It’s rare these days that I choose a candidate based on “her values match mine” or “that’s exactly what I would do”. Instead, I find myself listing all the deal-breakers each candidate has, and trying to find the one with the least amount of deal-breakers. Because they all seem to have them.
You know the term. If you’re house-shopping, a deal-breaker is something you’ve decided in advance that simply cannot be in the house you decide to buy. A detached garage, for example, might be a deal-breaker for people who know the comfort and convenience of an attached garage. Or, too much work needs to be done before the house is livable. Mold in the walls. Tubs only — no showers. It’s different for each of us. If every house you found had a deal-breaker, you probably would just keep looking. We can’t do that in politics. One of the candidates will be the next office-holder.
Last night’s Republican “debate” was full of deal-breakers for me. (I put debate in quotes because these things never seem like debates to me. Usually just a confused mess of people talking over each other, failing to answer questions, or a series of mini-speeches by a bunch of candidates.)
Ohio Governor John Kasich had the first one for me, which was a surprise; I’d been led to believe he was a moderate. Right off the bat, he said he wanted to cut taxes for corporations. For the bleeping corporations! And he kept calling them “job creators”, which is code for “I’m in the pocket of these corporations”. He insisted, despite all evidence to the contrary, that cutting corporate taxes and removing regulations will result in rising wages. Anyone who knows anything about economics knows that no corporation has ever created a job that it didn’t require. Any corporation worth its salt will cut any job possible, lower any salary possible, remove any benefit possible, to maintain or increase profits. That’s how capitalism works.
Jeb Bush was next, listing Dodd-Frank as one of the things “that have gone wrong in this country”, despite the only thing being wrong with it is that Republicans (and a few Democrats) gutted it of its strength before it was signed into law.
Ben Carson repeatedly insisted that “progressives” and “secular progressives” are what’s wrong with this country, that we are trying to drive out the idea that “there is such a thing as wrong or right”. It’s a deal-breaker to me because it means he doesn’t know the meaning of either secular or progressive, and because he doesn’t realize our very nation is secular and progressive.
Kasich came back for more, saying fracking is a good thing, even clarifying: “we must make sure we continue to frack.”
Trump reiterated and confirmed his position that discriminating against refugees based on their religion must be the first step to “solve the problem” — and he clarified that he was referring to “all the problems all over the world”. In the same response, he added, surprisingly, and without explanation: “the police are the most mistreated people in this country”, showing he’s completely unhinged (to use Bush’s word) and ill-equipped to be president.
Then Chris Christie added a deal-breaker of his own, saying it was a bad decision to end the NSA’s authority to spy on every American.
Ted Cruz, who had been careful up to this point to speak only in vague platitudes or using rhetoric to twist the truth, just came out and said we should not accept any refugees from countries controlled by ISIL or Al Qaeda. None.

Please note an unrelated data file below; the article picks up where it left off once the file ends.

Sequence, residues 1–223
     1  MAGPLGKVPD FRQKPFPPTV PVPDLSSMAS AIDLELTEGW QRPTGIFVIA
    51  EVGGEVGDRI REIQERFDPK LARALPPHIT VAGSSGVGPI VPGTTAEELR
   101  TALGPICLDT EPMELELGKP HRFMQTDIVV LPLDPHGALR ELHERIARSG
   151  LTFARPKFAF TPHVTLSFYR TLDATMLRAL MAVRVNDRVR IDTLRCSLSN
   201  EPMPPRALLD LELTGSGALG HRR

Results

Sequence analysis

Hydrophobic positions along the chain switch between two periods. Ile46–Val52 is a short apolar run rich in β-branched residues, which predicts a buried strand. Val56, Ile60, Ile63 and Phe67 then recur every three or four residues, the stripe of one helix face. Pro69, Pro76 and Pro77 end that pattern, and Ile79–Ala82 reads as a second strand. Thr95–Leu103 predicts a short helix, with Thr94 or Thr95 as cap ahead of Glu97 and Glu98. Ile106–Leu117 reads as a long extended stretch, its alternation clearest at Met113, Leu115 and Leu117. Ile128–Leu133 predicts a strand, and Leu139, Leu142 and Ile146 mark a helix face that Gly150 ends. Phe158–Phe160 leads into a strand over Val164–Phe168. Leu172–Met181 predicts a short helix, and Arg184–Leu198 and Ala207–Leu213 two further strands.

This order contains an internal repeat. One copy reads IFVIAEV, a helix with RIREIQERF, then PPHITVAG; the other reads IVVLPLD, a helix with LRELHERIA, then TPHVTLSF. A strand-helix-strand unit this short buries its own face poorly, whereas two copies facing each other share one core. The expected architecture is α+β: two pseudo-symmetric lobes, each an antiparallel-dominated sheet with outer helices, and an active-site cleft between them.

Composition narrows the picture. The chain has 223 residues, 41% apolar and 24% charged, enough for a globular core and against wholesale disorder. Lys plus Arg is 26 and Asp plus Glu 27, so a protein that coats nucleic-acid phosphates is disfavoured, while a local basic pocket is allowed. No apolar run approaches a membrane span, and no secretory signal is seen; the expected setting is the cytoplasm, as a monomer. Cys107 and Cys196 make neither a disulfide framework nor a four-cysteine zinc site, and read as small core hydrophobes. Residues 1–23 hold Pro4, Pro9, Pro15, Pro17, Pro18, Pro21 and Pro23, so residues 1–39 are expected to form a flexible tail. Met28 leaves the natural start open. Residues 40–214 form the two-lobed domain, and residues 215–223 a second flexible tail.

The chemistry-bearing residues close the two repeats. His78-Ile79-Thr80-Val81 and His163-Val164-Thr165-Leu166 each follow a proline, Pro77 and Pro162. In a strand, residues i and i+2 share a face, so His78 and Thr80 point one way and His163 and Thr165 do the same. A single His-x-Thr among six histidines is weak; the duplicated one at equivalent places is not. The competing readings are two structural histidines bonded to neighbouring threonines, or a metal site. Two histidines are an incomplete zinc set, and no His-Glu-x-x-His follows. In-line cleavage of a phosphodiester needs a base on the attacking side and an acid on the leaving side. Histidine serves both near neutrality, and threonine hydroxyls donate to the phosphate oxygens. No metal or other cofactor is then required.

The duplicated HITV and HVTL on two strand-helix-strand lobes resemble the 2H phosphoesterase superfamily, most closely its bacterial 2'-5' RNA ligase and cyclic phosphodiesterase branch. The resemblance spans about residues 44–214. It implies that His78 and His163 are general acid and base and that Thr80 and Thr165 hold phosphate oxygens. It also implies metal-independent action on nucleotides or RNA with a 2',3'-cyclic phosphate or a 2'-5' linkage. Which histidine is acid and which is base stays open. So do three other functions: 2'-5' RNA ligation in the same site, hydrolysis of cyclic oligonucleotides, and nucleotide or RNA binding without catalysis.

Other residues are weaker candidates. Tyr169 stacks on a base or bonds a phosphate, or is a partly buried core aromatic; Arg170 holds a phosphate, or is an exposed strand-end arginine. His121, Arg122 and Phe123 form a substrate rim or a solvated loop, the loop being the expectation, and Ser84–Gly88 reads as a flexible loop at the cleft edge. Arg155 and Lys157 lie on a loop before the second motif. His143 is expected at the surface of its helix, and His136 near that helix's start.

Marco Rubio said “all of the rules” of the Environmental Protection Agency are “hurting us”.
Christie joined with most of the others in saying corporate taxes had to be cut, and repeated the untruth that doing so would create jobs. He somehow concluded that lowering the tax rate on corporations would provide enough money to “rebuild those roads and bridges and tunnels that you were talking about”.
Cruz and Carson both brought up their flat tax proposals, with Carson clarifying there would be no exemptions or deductions for anyone. Carson went further, and said that “every regulation is a tax” and that we need to get rid of them. He explained: “It’s the evil government that is — that is putting all these regulations on us so that we can’t survive.” To me it seems like lunacy to say the reason for government regulations is that the government is evil and doesn’t want us to survive.
Rubio somehow turned an argument about immigration into a statement that “Edward Snowden is a traitor”, threatening to put him on trial for treason, an open threat to any future whistleblower who wants to curtail the government’s secret, unconstitutional activities.
Bush said he would “try to convince” heads of large technology companies to share citizen’s private data with the government.
I skipped over quite a bit of truth-twisting, name-calling, and outright lying — which seems fairly normal for politics — and focused only on their outright statements that disqualify them for my vote. If this was a fact-checking blog entry, it would have been much longer.
To be fair, most of the candidates said stuff I agree with, at some point, and I did think some of their criticism of President Obama was accurate. Unlike some liberal fear-mongers, I don’t think any of them would completely ruin our nation. Time and time again, we’ve seen fire-brand candidates become tame bureaucrats once inaugurated — because they learn then that living in the White House doesn’t give a person the power that our election spectacles seem to indicate.
Based on the entire transcript of the debate, if I was forced to vote for one of these men, I would be very sad indeed. Fortunately, I’m only evaluating one debate and don’t have to vote for any of them. My impression is that Trump and Cruz came out out of it the strongest — mainly by avoiding specifics. This does not mean I think either of them would make a better president than the others; just that in this debate, they were more careful.